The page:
What do we need to do to make it likely that our children and theirs will inherit a flourishing, rather than a collapsing human world? Our politicians must surely be starting to realise that large numbers of Australians are thoroughly fed up with the fact that the wellbeing of all (not just some) humans, and the health of the planet have become second order and neglected issues because of a widely shared ideology of endless, indiscriminate growth, unfettered markets, rampant individualism, small and impotent government and a key focus on competition.
Many Australians recognise that we are approaching crises on several fronts, not only because of changing climate, but also because of the damage already done to the myriad ecosystems on which all life depends. The only way we will avoid a catastrophic future is for humans to engage in transformational change in the way we organise society and relate to the environment on which all life depends.
The ecological footprint is a measure of the amount of biologically active land and water that the average person needs to maintain their current consumption and deal with their waste. There is enough biologically active land and water to provide each human now inhabiting our planet with the resources that about 1.73 global hectares can provide. The average Australian uses the resources of about 9.3 ha per person. This contrasts with the footprint of people in many developing countries who are using less than 1 ha per person.
The reason the planet is decompensating at a rapid rate is that the global population is now using about 2.84 ha per person so that we are using 64% more resources than the planet can provide sustainably. And all the time, the human population and its footprint are continuing to grow!
Our human system is also characterised by marked inequality of opportunity, both within and between nations. Those who are already very rich are calling the shots about how the system runs. They argue that as the rich get richer there will be a “trickle down” and that a “rising tide will lift all boats”. But that is not happening. And our environment is crumbling.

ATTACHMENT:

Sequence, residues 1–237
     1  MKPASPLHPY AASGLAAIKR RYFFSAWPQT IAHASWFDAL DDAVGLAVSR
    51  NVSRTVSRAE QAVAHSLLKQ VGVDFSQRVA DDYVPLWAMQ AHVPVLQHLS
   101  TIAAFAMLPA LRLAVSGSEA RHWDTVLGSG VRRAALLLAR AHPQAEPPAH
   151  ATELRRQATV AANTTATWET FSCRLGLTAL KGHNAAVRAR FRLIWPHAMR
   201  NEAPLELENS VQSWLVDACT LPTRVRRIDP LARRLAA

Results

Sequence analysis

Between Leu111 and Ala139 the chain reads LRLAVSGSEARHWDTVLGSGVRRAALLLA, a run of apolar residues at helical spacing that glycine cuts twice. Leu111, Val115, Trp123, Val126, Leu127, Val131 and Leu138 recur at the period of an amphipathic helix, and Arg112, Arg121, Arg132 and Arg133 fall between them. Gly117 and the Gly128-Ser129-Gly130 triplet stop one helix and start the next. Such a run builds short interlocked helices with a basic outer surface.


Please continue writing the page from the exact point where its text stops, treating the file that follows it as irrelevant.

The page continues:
The public discussion we are not yet having, but must urgently have, is around the question: “What do we need to do to make it likely that our children and theirs will inherit a flourishing rather than a collapsing human world?” On our present trajectory, collapse appears to be the inevitable outcome. UK writer George Monbiot and US author David Korten agree that if we want to change this future we will have to change the narrative that drives modern culture. Narratives have changed many times in human history.
So, who constructs and maintains the current narrative? It is at present controlled by a small rich and powerful global elite, who will not happily relinquish it. We, the people, will need to wrest that control from them. Our best chance will come from adopting and living a new narrative that builds on human altruism and the strength of cooperating and collaborating families and communities.
The presently dominant narrative runs something like this: “Humans are fundamentally selfish creatures and that selfishness is what drives markets and competition for people to acquire and consume “stuff”. The more stuff we consume, the larger and healthier the economy will be and the happier we will all become. The planet is there for our convenience and if some resources get used up, we are innovative enough to find things to take their place. A bit of inequality is not a bad thing. It encourages people to pull up their socks, get work and compete in the market place. A big and growing economy means that everyone can get work and earn their keep. The work you do defines who you are and how valuable you are to the economy.”
This outmoded narrative takes the planet for granted and does not value it. It stratifies humans into groups of variable worth. It makes a virtue of selfishness and fails to pay proper attention to the things which build and strengthen human societies. It is relationships and cooperation, not the accumulation of “stuff”, that make us happy and it is collaboration, not competition, that brings out the best in all of us.
The new narrative must recognise the realities of the current human predicament and should build on the altruism that is intrinsic to humans. It should also assume that the wellbeing of all, not just some, humans and repair of the damaged planet and natural systems are our primary concerns. So we will need to develop a different kind of economy that is built around these two essentials. We will no longer tolerate growth that destroys ecosystems and will take new steps to reduce the growth in human populations. We will develop new indicators of human and planetary wellbeing and use our innovative talents to build a sustainable economy and the vision for a genuinely exciting and sustainable human future.
Em Prof Bob Douglas is a retired Public Health academic and a Director of Australia21 www. australia21.org.au